Recently I’ve been blogging more about my food experiences at home. Finding solace in those moments in the kitchen, discovering new recipes and cooking techniques. Originally when I started Scrumptious Seattle I primarily blogged about restaurants and places to eat. There are so many wonderful spots in Seattle, it’s often hard to to return to the same restaurants because I’m always in pursuit to try the latest and greatest. Here’s some highlights of special spots I’ve enjoyed this past year:
The Walrus and the Carpenter:
Image Courtesy of The Walrus and the Carpenter FB Page
Inspired by CS Lewis’ poem, this charming space oozes whimsy, elegance and light- from the antiqued-gray wood chandelier to the open kitchen featuring the bounty of simple ingredients, you want to belly up to the bar and stay awhile. Or linger over beautiful crafted cocktails in the small outdoor patio. No wonder why it was just named one of the 10 best in the US by GQ Magazine. Featuring local seafood, mostly Oysters of course and small plates, The Walrus Bar is surely to be a staple in my neighborhood. My favorites include the smoked trout served atop lentils with walnuts, crème fraiche and house pickled red onions and the steak tartare with farm egg yolk and crostini. In the summer I sipped delightful cocktails such as the Elderflower Fizz with Gin, Lillet, St. Germain and soda. Such few places in Seattle have the genuine warmth and style of The Walrus Bar. I truly enjoyed the new addition to Ballard Ave and look forward to toasting with friends there in the months to come.
Arabesque Cocktail at Sambar
Tucked away from all the hustle and bustle of downtown Ballard, Sambar became a treasured discovery of 2010. Although many other Seattlelites already raved about their stellar cocktails, I had yet to venture into the small yet oh so charming space. Adjacent to Le Gourmand, Sambar is primarily dedicated to the craft of the cocktail. Jay, the master mixologist can create almost any concoction to your liking using a variety of the lesser known liquors and distinct flavor profiles. In June, I went to Sambar with a few of my fellow LUPEC ladies, pictured above the Arabesque cocktail: Anejo Rum, East India Sherry, Seville Orange and Sage. A constantly rotating menu does feature seasonal flavors. Oh and don’t miss their fries with the aioli. Light and crispy with just the right touch of salt, I daresay they place in my top 5 for the city!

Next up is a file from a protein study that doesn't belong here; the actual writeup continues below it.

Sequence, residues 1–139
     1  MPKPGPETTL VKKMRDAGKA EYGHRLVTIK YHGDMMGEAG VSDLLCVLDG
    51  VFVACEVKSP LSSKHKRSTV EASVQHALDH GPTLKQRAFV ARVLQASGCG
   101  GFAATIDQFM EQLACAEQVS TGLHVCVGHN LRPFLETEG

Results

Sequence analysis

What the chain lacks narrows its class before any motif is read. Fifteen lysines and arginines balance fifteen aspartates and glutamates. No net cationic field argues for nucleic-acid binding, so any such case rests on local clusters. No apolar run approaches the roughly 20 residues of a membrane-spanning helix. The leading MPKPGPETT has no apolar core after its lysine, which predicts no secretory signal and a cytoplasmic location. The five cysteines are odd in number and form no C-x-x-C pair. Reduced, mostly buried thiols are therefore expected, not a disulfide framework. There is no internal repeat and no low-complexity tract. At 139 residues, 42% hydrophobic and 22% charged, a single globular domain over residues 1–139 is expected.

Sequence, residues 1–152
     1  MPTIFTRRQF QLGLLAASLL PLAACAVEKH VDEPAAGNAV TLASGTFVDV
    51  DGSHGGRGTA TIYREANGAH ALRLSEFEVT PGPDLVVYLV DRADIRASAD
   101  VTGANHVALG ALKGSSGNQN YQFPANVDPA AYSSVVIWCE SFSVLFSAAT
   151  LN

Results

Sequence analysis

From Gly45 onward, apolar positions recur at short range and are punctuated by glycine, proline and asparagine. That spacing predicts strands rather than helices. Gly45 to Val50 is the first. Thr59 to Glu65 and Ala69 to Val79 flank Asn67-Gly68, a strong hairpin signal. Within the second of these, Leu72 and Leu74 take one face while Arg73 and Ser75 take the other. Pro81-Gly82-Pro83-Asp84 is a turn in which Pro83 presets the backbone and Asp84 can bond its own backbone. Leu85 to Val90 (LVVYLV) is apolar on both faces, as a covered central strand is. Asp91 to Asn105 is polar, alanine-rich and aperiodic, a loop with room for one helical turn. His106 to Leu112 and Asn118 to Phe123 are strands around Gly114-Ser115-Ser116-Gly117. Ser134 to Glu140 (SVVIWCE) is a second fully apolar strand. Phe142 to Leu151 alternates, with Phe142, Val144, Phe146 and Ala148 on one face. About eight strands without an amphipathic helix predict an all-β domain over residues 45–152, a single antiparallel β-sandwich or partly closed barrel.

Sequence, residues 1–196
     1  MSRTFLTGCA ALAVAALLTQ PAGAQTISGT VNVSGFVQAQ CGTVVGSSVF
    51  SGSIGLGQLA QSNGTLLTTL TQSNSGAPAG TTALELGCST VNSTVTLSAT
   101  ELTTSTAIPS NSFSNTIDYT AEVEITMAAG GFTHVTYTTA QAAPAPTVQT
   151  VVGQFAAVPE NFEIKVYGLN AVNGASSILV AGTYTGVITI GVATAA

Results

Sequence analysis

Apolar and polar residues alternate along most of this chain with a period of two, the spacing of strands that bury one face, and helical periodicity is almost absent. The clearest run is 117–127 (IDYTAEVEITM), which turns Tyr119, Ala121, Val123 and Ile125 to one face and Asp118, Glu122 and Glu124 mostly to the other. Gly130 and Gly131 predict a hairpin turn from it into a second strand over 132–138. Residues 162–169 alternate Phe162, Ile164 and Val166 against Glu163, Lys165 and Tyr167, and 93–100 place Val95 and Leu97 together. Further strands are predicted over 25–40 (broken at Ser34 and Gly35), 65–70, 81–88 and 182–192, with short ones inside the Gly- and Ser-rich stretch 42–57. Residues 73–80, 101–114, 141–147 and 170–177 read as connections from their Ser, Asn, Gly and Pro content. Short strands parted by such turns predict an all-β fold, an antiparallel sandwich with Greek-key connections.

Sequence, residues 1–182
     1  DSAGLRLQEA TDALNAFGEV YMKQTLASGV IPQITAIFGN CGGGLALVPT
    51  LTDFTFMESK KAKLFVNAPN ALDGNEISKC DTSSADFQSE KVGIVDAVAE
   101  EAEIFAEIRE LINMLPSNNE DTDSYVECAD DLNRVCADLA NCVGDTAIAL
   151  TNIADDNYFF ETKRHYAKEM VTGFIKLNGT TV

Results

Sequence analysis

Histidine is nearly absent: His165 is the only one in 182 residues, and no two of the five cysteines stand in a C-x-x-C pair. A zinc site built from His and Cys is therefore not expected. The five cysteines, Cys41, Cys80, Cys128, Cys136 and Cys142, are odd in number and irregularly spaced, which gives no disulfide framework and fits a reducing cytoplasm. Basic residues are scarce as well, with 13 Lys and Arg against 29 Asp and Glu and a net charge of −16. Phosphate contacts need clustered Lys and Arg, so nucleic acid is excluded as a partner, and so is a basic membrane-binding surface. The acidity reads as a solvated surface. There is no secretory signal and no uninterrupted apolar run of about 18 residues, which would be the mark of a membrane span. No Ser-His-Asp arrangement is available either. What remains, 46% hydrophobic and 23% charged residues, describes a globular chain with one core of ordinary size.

Spinasse is not necessarily the hidden gem or secret of Seattle with all of the recent accolades from the press including Best New Chef and Top Ten Best Places for Pasta from Bon Appetit and Food & Wine. Oh and some person named David Beckham tried to dine a few months ago sans reservation; he was told he had to wait for a table as they were already full! Regardless, I had yet to venture into my new favorite Italian spot in the city until last month. I’ve already returned. The rustic food, provides the platform for perhaps unusual flavor combinations that just work. From an unexpectedly perfect “Russian Salad” composed of house-cured tuna maionese, squash and capers to another Insalata with roasted beets & radicchio topped with crushed egg, breadcrumbs and pecorino, a recent dinning companion proclaimed this may be the best dish I’ve eaten this year. And then there’s the Tajarin pasta. The delicate fine hand cut egg pasta studded with either the pork/beef ragu or my favorite, simply prepared with butter and sage. I like to not think about the obviously insane amount of butter used to achieve perfection. The fork tender tangitelle with milk braised pork was also a hit. Sharing is best. And if they have any rendition of the creamy goat cheese mousse, get it, hands down. I look forward to dining behind the lace curtains among the rustic wood tables very soon. Until then, I’ll be dreaming about possibly the best meals of the year at Spinasse. And possibly making Jason Stratton’s Negroni Chicken with Braised Blood Oranges at home.
I have a bit of confession, I could do without the BBQ at Roy’s. The Georgia Gold proclaimed by Sunset to be some of the best in the West isn’t all that grand. But, even before Seattle Magazine let out my little secret, I knew my sandwich of choice at Roy’s. The Oyster Po’Boy. Composed of smoked oysters from Taylor Shellfish topped with slaw & aoili, this po’boy packs just the right amount of punch on a roll from the esteemed Columbia City Bakery down the block. Get it. Even if you aren’t a raw oyster fan, you’ll surprised by the tender and smoky oysters balanced out by the creamy aoili and acidity of the vinegar based slaw. Today, I just read this via Nancy Leson. Roy’s is to close effective Jan 9. I’ll be certain to savour their great Po’Boy one last time.